CLEARWATER — The thick brush in Lake Chautauqua Park that shields ducks, turtles and snakes from predators may be hiding something else.
In a recent undercover operation, Clearwater police arrested three men in the park. Officers were patrolling the area to catch men looking for casual sexual encounters there.
Clearwater police Chief Tony Holloway told the City Council this week that he has a solution: a mounted patrol unit that can navigate the thicket better than officers on foot.
If approved by the council, the mounted unit would consist of reserve Officer Nancy Miller, who retired from the department as a lieutenant in 2009 after 30 years, and volunteer Officer Deborah Storey.
Miller and Storey have already undergone training on their own time, Holloway said.
The city would lease three horses (named Rudy, Garnet and Smokey) owned by the two officers for $1 per horse for a term of three years. The city would agree to pay up to $3,500 a year in veterinary care, but only for injuries sustained in the line of duty.
Equipment start-up costs are estimated at $4,400. Annual operating costs, including additional training, mileage to and from police duties and the possible veterinary care, are estimated to top out at $15,000.
The money would come from forfeiture funds and would not affect the department's operating budget, Holloway said at a council workshop Monday.
Holloway described it as a cost-effective way for police to deal with enforcement issues in the park without moving officers away from other duties. Because Miller is a reserve officer, she has arrest powers like other sworn officers, Holloway said.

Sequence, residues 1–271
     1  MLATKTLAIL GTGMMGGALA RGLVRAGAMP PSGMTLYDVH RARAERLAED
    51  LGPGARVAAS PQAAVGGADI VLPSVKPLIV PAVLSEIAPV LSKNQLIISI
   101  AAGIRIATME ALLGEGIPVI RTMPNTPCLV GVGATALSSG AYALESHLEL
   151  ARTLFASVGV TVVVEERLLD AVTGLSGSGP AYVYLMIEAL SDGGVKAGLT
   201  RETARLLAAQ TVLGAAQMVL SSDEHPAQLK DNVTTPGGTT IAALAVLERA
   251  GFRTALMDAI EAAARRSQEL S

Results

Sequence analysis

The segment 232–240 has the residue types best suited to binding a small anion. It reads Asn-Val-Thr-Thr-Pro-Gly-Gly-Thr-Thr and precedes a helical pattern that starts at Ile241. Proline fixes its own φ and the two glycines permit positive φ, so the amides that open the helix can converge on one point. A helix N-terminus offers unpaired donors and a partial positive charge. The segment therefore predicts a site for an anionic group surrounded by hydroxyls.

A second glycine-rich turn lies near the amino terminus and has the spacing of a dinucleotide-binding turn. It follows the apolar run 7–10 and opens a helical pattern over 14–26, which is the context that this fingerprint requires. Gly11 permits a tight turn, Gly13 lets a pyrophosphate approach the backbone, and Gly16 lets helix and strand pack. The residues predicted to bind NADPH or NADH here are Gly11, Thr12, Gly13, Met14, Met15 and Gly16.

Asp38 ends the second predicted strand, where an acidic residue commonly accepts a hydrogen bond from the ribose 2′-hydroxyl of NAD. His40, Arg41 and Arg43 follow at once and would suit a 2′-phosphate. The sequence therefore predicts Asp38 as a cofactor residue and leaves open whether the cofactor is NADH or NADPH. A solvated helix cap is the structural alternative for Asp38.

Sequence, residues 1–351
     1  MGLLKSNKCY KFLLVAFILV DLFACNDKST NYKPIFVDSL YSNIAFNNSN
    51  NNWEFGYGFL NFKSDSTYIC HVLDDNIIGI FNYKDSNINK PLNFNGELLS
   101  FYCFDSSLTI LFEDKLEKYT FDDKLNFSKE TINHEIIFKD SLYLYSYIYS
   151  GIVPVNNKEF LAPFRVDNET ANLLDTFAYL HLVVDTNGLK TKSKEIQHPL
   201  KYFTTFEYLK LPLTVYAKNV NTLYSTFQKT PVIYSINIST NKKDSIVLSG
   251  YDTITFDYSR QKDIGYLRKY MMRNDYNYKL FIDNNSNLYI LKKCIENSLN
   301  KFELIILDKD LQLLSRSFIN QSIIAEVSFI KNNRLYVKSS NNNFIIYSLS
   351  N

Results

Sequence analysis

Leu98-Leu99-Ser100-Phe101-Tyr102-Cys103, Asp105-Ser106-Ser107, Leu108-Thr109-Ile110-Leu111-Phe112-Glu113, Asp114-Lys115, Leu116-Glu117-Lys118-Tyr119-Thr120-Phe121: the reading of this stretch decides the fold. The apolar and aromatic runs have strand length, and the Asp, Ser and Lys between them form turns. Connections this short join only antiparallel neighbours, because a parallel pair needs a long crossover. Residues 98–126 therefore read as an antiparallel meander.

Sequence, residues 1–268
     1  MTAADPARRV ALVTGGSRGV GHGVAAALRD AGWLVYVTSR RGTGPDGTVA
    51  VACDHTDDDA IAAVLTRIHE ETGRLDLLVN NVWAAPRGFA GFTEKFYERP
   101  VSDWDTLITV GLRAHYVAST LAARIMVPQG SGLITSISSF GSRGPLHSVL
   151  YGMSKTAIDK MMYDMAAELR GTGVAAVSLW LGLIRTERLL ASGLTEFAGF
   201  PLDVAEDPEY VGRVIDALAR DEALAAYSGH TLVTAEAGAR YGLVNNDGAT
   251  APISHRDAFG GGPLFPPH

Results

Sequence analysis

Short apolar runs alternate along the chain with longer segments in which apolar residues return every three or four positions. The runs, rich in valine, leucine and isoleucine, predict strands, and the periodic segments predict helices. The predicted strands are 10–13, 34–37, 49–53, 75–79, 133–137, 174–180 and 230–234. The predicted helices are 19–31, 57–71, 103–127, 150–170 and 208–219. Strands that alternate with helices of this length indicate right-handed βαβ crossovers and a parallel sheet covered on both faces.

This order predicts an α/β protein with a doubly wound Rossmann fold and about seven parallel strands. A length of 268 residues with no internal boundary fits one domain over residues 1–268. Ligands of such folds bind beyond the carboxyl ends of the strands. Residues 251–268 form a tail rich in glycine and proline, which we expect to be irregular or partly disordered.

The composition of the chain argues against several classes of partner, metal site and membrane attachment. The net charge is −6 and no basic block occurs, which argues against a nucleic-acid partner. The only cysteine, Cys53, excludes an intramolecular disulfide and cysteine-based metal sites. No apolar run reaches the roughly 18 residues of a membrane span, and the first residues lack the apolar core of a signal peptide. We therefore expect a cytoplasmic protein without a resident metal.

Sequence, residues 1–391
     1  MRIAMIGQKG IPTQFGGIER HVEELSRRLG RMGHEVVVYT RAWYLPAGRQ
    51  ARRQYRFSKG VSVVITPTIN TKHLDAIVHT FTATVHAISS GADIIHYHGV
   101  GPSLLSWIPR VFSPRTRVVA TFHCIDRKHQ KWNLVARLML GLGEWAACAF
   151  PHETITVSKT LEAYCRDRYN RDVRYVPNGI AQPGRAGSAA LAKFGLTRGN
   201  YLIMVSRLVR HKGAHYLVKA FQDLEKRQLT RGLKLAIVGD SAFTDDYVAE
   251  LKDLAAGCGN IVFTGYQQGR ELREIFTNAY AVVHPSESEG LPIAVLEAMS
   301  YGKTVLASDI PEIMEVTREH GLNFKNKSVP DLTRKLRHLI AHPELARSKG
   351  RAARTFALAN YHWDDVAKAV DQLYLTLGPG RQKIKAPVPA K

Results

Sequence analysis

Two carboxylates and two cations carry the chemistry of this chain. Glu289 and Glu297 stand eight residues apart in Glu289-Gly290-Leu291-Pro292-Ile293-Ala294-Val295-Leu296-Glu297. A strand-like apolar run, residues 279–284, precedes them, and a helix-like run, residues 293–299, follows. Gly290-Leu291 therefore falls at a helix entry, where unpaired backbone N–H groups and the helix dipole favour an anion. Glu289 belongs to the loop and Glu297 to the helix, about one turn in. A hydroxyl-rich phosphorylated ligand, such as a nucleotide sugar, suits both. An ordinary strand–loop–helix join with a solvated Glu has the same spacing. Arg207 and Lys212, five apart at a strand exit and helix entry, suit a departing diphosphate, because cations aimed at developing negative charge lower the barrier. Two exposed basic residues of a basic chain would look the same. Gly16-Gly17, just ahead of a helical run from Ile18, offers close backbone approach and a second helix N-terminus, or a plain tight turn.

"These are volunteers," Holloway said. "They're using their own time to go back there, so I'm not pulling resources off the road."
Mayor Frank Hibbard questioned whether the money was better spent on another all-terrain vehicle.
"I love horses. I think it's really neat on the cool factor, but is there another way to do this that's less expensive … or is the best way to approach this issue?" he asked.
Holloway said he didn't have numbers in front of him regarding the costs of a new ATV, but mentioned that associated expenses would include fuel, storage, maintenance and additional training. The department already has some ATVs but they are assigned to other duties, said police spokeswoman Elizabeth Watts.
One of the unit's first tasks will be to ferret out those who are using the lake park, which is on Landmark Drive south of Enterprise Road, for sexual encounters.
In May, city resident Bill Parker told the council that he no longer considered the area safe after his 10-year-old son was twice approached by men in the park. Parker said he regularly sees men drive into the park alone and disappear into the woods.
Holloway sent his anti-crime unit to look into the issue. Between May 25 and June 6, police arrested three men — one who propositioned an undercover officer for sex, another who exposed himself and began masturbating, and a third who rubbed his hand along an officer's pants, according to arrest reports.
Police have made arrests at the park for similar crimes over the years. Police spokeswoman Watts said the behavior is "cyclical."
"Once the word gets out that police have a consistent presence, the criminal activity stops," she said.
Will Perry, 75, who rides his bike in the park daily, said he has heard about men trolling the area and has happened upon "heterosexual" encounters, but doesn't believe the activity is rampant.
The park is "kind of a natural attraction for that type of situation since it's remote and fairly isolated . . . but I have not seen anything grossly overt there," he said.
Police said the horses will give officers better access to the forested areas and should be a deterrent for people who use the park for sexual encounters or other illicit activity, Watts said.
They can also be used for search-and-rescue operations and special details, Holloway said.